TWISTED MONOLITH

TWISTED MONOLITH

Ole Scheerens MahaNakhon Tower in Bangkok

BY ANJA FAHS

(Published in The Produktkulturmagazin issue 2 2019)

An endless sea of lights spreads all the way to the horizon. From up here, you have the feeling that you can see to the end of the world. The view from Thailand’s second-highest building is absolutely breathtaking. In Bangkok, the spectacular “King Power MahaNakhon” skyscraper, as it is now officially known, immediately became one of the city’s most striking architectural landmarks. MahaNakhon basically means “large metropolis” and is hence perfectly named for Thailand’s capital. The tower is the vision of German architect Ole Scheeren and rises up to a vertiginous height of 314 metres. Its glass façade has an unmistakable sculptural profile with a three-dimensional band of setback and protruding elements, so-called pixels, which spiral up from the ground floor to the very apex of the structure. This gives the building the appearance of a twisted Rubik’s cube – an architectural work of art! If you look down from more than 300 metres, you see the Bangkok Skytrain like a little toy train gliding through this megacity, and the headlights of the cars on the city highways are only perceptible as tiny glowing dots. Shimmering silver, the mighty Chao Praya River is visible in the distance, with the boats barely identifiable. 

The completion of this extraordinary building was recently celebrated with the opening of the MahaNakhon Observation Deck. The public and, of course, Bangkok’s 20 million tourists will be able to enjoy the spectacular 360-degree view from 314 metres. In addition to the observatory on the 74th storey, visitors can look forward to a breathtaking viewing platform on the 78th floor, as well as to one of Southeast Asia’s highest rooftop bars. The visitor highlight is a huge sheet of glass that juts out from the top floor of the building, seemingly hovering 300 metres over the city. This 4.5-by-17.5-metre glass walkway is called the “Skytray” – an exhilarating experience for height-accustomed visitors, as it offers a bird’s-eye view of the city below. 

“The idea behind MahaNakhon was to take the life of the city and bring it up the tower in a dramatic, spiralling movement,” says Ole Scheeren, principal of Büro Ole Scheeren. “Even the very top of the tower is surrendered to the public, so there is not only a public square at the ground level, but human activity rises along the pixelated shaft to the top floors of the building, which are given back to the public domain. It is a project that is strongly embedded in the city and the public realm, and expressively proclaims itself as an active part of it.” 

From a distance, the striking profile of the building looks like an incomplete structure, a tower that is still being erected. Ole Scheeren sees this as a kind of “geometric erosion”, which creates living spaces. These areas – partly protruding and partly set back from the façade – are terraces and balconies. But also floating living rooms with spectacular views. These elements are designed to unite the outside world and the interiors of the building.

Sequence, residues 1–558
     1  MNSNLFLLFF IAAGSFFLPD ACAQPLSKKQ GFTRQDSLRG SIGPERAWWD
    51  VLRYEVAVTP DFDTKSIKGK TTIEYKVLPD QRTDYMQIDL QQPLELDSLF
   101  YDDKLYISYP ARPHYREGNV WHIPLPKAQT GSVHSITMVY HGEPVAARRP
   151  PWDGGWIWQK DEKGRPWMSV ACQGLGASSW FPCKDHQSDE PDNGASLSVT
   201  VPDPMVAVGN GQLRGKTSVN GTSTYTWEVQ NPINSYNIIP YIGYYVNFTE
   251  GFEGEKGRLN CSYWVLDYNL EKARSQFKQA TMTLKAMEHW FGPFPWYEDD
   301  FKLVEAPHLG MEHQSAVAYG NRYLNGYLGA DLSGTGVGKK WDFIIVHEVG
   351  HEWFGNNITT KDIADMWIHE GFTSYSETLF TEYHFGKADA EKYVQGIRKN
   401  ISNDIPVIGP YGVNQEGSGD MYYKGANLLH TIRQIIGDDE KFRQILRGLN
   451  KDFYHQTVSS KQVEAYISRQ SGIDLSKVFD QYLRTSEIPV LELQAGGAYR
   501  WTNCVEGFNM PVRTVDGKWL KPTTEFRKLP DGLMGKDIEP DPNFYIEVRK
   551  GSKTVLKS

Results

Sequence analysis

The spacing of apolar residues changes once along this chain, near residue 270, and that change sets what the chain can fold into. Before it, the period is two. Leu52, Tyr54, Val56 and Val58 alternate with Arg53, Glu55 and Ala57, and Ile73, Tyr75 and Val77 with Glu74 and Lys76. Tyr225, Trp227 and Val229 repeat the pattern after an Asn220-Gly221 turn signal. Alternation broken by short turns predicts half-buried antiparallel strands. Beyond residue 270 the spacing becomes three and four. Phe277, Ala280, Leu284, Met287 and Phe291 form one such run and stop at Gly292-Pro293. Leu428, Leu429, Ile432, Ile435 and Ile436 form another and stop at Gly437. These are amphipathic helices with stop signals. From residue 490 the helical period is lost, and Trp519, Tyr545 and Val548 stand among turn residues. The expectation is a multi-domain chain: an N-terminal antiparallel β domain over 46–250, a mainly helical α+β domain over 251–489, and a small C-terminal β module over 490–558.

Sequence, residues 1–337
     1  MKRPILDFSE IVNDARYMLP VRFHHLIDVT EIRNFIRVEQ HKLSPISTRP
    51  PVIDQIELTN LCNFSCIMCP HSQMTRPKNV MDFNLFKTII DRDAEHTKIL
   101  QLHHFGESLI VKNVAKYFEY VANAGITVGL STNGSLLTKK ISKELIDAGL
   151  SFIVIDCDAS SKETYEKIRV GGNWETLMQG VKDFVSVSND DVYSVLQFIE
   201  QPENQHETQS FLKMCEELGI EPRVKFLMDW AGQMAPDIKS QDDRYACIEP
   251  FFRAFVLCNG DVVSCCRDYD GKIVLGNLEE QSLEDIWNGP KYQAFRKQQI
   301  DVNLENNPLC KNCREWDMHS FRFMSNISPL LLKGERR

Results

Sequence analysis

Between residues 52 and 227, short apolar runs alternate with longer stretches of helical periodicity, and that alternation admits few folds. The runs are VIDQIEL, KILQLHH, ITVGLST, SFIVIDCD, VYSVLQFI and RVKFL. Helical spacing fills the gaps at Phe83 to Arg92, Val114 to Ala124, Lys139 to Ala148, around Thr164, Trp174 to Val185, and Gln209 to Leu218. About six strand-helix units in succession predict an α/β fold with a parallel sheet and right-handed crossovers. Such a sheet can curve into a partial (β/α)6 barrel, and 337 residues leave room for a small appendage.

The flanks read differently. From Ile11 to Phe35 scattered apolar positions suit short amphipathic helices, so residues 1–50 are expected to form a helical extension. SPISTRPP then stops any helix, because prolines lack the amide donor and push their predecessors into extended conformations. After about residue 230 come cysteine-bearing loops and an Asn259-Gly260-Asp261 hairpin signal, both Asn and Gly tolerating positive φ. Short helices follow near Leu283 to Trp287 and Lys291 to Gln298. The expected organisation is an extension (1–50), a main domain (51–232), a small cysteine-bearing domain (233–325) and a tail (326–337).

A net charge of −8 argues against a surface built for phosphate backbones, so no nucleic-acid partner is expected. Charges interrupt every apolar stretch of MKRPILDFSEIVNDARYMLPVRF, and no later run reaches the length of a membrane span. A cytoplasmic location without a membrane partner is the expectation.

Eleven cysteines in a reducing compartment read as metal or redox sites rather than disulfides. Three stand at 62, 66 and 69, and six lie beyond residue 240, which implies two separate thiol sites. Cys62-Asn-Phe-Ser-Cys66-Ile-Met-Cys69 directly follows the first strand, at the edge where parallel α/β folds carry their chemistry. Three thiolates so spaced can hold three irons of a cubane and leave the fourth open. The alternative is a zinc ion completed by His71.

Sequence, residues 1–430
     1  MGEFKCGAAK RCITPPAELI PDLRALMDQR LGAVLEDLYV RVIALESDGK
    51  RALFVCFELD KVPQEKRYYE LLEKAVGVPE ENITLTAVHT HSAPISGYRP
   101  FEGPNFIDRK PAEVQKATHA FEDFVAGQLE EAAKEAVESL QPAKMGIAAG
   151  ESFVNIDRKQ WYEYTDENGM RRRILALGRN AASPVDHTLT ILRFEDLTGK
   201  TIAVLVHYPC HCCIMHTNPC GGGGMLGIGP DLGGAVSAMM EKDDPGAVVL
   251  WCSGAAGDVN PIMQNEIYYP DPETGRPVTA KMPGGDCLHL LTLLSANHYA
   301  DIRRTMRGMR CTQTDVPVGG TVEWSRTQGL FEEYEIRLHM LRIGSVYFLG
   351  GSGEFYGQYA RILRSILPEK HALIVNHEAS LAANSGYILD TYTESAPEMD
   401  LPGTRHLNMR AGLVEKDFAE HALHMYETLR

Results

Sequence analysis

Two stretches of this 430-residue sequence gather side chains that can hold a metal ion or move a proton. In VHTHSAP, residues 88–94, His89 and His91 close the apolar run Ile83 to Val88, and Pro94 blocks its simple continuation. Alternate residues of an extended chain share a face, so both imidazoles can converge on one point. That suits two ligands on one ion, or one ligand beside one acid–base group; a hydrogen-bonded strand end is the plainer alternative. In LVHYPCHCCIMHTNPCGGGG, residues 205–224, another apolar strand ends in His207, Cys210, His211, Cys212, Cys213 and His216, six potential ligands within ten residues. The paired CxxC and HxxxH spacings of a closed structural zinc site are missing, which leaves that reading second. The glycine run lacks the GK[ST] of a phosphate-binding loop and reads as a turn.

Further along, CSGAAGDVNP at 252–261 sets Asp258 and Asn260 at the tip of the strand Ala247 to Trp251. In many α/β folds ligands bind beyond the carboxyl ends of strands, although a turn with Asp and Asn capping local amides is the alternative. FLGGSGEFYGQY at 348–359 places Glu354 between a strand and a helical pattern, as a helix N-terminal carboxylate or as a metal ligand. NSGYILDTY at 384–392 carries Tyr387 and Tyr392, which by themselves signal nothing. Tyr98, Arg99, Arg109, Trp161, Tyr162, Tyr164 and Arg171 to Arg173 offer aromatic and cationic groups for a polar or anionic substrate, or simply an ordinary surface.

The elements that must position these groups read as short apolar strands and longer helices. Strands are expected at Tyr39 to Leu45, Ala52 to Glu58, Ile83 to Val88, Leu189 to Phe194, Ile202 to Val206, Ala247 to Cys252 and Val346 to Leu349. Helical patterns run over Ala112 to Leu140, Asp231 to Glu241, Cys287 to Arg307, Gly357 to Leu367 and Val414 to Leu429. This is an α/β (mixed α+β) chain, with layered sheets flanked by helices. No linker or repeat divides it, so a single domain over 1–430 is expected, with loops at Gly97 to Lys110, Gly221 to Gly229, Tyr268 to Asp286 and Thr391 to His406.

“The building is an exploration of bringing the inside and the outside closer together and creating living spaces that float high above the city,” states Ole Scheeren. “You can step out onto the terraces and transition to the open air, as people in the tropics live in a fluid state between interior and exterior spaces. We are literally carving those possibilities into the tower and make these qualities accessible at staggering heights.” 

In addition to the Tower, the 150,000-square-metre complex comprises the public MahaNakhon Square, along with spaces for shops, cafés and restaurants with lush gardens and terraces over several levels, 200 luxury apartments and a
boutique hotel with 150 rooms. Ole Scheeren has designed some of the most remarkable buildings in Asia over the past few years. For many years, he worked at OMA (Office for Metropolitan Architecture) for the Dutch “starchitect” Rem Koolhaas – initially in Rotterdam, then also in Asia following stints in other places. Koolhaas also designed the Zentrum für Kunst und Medientechnologie (Centre for Art and Media) in Ole Scheeren’s home town of Karlsruhe. In 2002, Scheeren became a partner at OMA, moving to Beijing in 2004 where he spent the following
years focusing on realising one building: the new headquarters of the China Central Television, CCTV. A building designed to house 10,000 employees. After the Pentagon, this Chinese structure is deemed to be the largest office building in the world. This was the first of what was to later become a typically unusual series of skyscraper forms for Ole Scheeren – light and open, but simultaneously extremely conceptual. Here, two towers lean towards each other and merge in a perpendicular, 75-metre cantilever at the top. Ole Scheeren sees the CCTV Building as a symbol of a period in which China appeared on the world stage and was entering a new era.